FBI, FDA search two Calif. fresh-spinach companies

SAN JUAN BAUTISTA, Calif. -- Federal agents searched two California produce companies yesterday in connection with the nationwide E. coli outbreak that killed one person and sickened at least 191 others, the U.S. attorney's office said.

The searches were the first indication that authorities suspect a crime might have been committed in the outbreak that killed a Wisconsin woman, sickened people in 26 states and prompted the FDA to issue a two-week consumer warning against fresh spinach last month.


The FBI was joined by agents from the Food and Drug Administration's criminal investigations office. The warrants were executed at the Natural Selection Foods LLC plant in San Juan Bautista and at Growers Express in Salinas to see whether food safety rules were violated, according to a statement from the U.S. attorney's office in San Francisco.

No new threat


Federal officials do not think anyone at the plants deliberately contaminated spinach with the virulent bacteria and said the searches do not mean there is a continuing or new threat to public health.

"We are investigating allegations that certain spinach growers and distributors may not have taken all necessary or appropriate steps to ensure that their spinach was safe before it was placed into interstate commerce." U.S. Attorney Kevin Ryan said.

FBI spokesman Joe Schadler said authorities were investigating possible felony violations of federal environmental laws. He would not disclose what agents sought or seized at the two plants.

Natural Selection, which packages spinach sold under 34 brand names and supplies spinach to other food processors, was implicated in the E. coli outbreak after 11 bags of Dole brand baby spinach tested positive for the same bacteria strain found in people who fell ill after eating the leafy greens.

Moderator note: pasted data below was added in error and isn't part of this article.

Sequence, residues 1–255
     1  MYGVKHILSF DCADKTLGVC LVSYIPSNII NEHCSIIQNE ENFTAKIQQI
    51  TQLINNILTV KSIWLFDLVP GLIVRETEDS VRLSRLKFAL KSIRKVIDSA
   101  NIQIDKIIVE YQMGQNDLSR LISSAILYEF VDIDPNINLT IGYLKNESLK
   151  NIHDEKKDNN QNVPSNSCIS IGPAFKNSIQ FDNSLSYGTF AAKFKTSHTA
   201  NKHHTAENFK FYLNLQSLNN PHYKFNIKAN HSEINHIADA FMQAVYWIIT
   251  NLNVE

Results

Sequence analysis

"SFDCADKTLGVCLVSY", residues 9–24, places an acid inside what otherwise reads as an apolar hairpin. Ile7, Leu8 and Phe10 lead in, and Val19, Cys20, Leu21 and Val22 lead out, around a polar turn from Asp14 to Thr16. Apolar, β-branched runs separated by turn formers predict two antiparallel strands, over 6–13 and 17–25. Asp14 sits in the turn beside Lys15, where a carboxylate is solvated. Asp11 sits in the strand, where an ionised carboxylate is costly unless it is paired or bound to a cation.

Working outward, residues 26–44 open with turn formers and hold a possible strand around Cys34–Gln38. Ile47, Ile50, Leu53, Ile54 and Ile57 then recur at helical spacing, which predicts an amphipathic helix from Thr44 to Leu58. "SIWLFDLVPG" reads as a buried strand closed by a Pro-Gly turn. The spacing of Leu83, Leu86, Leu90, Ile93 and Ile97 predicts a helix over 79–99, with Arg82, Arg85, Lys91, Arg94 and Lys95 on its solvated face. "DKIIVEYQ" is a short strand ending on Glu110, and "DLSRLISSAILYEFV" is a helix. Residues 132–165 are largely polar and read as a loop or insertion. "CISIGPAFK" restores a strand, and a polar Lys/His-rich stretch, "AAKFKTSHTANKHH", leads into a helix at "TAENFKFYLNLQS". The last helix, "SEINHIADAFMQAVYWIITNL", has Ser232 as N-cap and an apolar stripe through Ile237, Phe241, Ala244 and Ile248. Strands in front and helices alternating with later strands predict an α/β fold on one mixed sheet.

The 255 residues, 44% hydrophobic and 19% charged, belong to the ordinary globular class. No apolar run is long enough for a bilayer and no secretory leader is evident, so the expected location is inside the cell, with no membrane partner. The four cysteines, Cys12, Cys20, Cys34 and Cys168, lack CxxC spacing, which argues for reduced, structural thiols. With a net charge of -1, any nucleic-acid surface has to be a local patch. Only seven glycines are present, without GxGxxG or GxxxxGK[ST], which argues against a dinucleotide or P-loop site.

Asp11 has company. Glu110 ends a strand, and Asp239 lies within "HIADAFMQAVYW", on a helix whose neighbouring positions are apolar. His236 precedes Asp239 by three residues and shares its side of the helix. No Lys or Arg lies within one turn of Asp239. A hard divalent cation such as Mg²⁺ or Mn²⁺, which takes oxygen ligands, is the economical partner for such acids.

Natural Selection CEO Charles Sweat said agents requested paperwork, including documents already provided to the FDA and the California Department of Health Services.

In a statement, he defended his plant's cleanliness.

"We have believed from the outset that our facilities were not the source of the contamination," Sweat said. "We have been concerned that the contamination may have originated in the fields where the product is grown."

Growers Express grows and packs produce, including iceberg lettuce sold under the Green Giant Fresh label and Farm Day packaged spinach.


Until yesterday, the company had not been named in the investigation of how the tainted spinach ended up in bags and on store shelves.

A representative for Growers Express did not immediately return a call seeking comment.

Looking for source

Because E. coli is found in animal and human feces, state and federal inspectors trying to pinpoint the source of contamination have focused on irrigation water, fertilization methods, worker hygiene and the proximity of fields to livestock.

Federal and state officials previously said they had narrowed their search for the E. coli source to nine farms in Monterey, San Benito and Santa Clara counties that grew spinach for Natural Selection Foods.

The federal Food, Drug and Cosmetic Act provides criminal penalties for companies involved in the production or sale of "adulterated foods," said Andy Weisbecker, a Seattle lawyer whose firm is representing dozens of people who got sick eating spinach in the past two months.


Companies can be convicted if they are shown to have been negligent in preventing tainted foods from entering the market, even if they were unaware of the contamination, Weisbecker said.

Last month, the federal government warned consumers not to eat fresh spinach after reports of contamination surfaced. Companies, including Natural Selection, voluntarily pulled the product from supermarket shelves.

The federal warning was lifted Sept. 29.

Michael Muskal writes for the Los Angeles Times. The Associated Press contributed to this article.